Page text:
Probably of more concern to him, though, was the promise by Senate Majority Leader Chuck Schumer — with the apparent approval of Biden — to bring to a vote Manchin’s bill on “permitting reform” that would make it easier to issue permits for energy projects, but also specifically included a reference to clear the way for the Mountain Valley Pipeline.
For a while, it looked as if Manchin had made a bad deal. Many Democrats, especially those of a more liberal variety, had no interest in voting to authorize a natural gas pipeline — and Republicans, the most supportive of fossil fuels, had no interest in helping Manchin. More to the point, they wanted to get back at Manchin for casting that decisive vote on the Inflation Reduction Act. They were willing to forgo permitting reform for a few years to give them time to come up with a good candidate to run against Manchin next year (that candidate turned out to be West Virginia Gov. Jim Justice). If they joined with liberal Democrats to vote down Manchin’s permitting reform bill, they could claim that Manchin had come up empty-handed — that he’d trade his climate bill vote for nothing. (Never mind that Republicans would be partly responsible for those empty hands.)
And that’s exactly what happened. Manchin tried to attach it to one vehicle after another — one of those “stopgap spending bills” that Congress finds itself rushed into voting on, the annual defense spending bill. All failed.
Now this. The man is persistent.
What the bill says
(1) Congress hereby ratifies and approves all authorizations, permits, verifications, extensions, biological opinions, incidental take statements, and any other approvals or orders issued pursuant to Federal law necessary for the construction and initial operation at full capacity of the Mountain Valley Pipeline; and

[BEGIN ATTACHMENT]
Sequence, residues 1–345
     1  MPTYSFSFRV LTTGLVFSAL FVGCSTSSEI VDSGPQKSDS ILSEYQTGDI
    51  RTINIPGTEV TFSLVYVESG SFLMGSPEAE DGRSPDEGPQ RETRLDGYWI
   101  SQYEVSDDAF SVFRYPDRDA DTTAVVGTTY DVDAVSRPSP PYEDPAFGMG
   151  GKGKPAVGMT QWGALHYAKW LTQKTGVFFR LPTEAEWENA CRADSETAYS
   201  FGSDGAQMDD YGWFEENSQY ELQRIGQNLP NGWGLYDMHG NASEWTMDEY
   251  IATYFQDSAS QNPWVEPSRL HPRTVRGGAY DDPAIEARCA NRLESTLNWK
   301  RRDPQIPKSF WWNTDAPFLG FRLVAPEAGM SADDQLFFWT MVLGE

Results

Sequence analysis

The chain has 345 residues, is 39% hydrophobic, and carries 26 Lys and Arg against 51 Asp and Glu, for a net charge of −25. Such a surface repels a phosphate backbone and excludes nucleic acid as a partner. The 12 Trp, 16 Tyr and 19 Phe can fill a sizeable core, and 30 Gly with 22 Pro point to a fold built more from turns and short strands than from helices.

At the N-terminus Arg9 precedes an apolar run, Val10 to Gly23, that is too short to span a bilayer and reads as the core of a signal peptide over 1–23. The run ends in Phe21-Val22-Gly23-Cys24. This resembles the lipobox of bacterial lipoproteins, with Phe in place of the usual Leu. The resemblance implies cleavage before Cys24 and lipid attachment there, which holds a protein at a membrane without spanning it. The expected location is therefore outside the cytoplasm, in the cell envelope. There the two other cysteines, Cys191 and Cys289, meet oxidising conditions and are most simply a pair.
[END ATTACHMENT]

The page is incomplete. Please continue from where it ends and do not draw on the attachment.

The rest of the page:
(2) Congress hereby directs the Secretary of the Army, the Federal Energy Regulatory Commission, the Secretary of Agriculture, and the Secretary of the Interior, and other agencies as applicable, as the case may be, to continue to maintain such authorizations, permits, verifications, extensions, biological opinions, incidental take statements, and any other approvals or orders issued pursuant to Federal law necessary for the construction and initial operation at full capacity of the Mountain Valley Pipeline.
- EXPEDITED APPROVAL.—Notwithstanding any other provision of law, not later than 21 days after the date of enactment of this Act and for the purpose of facilitating the completion of the Mountain Valley Pipeline, the Secretary of the Army shall issue all permits or verifications necessary— (1) to complete the construction of the Mountain Valley Pipeline across the waters of the United States; and (2) to allow for the operation and maintenance of the Mountain Valley Pipeline. (e) JUDICIAL REVIEW.— (1) Notwithstanding any other provision of law, no court shall have jurisdiction to review any action taken by the Secretary of the Army, the Federal Energy Regulatory Commission, the Secretary of Agriculture, the Secretary of the Interior, or a State administrative agency acting pursuant to Federal law that grants an authorization, permit, verification, biological opinion, incidental take statement, or any other approval necessary for the construction and initial operation at full capacity of the Mountain Valley Pipeline, including the issuance of any authorization, permit, extension, verification, biological opinion, incidental take statement, or other approval described in subsection (c) or (d) of this section for the Mountain Valley Pipeline, whether issued prior to, on, or subsequent to the date of enactment of this section, and including any lawsuit pending in a court as of the date of enactment of this section. (2) The United States Court of Appeals for the District of Columbia Circuit shall have original and exclusive jurisdiction over any claim alleging the invalidity of this section or that an action is beyond the scope of authority conferred by this section.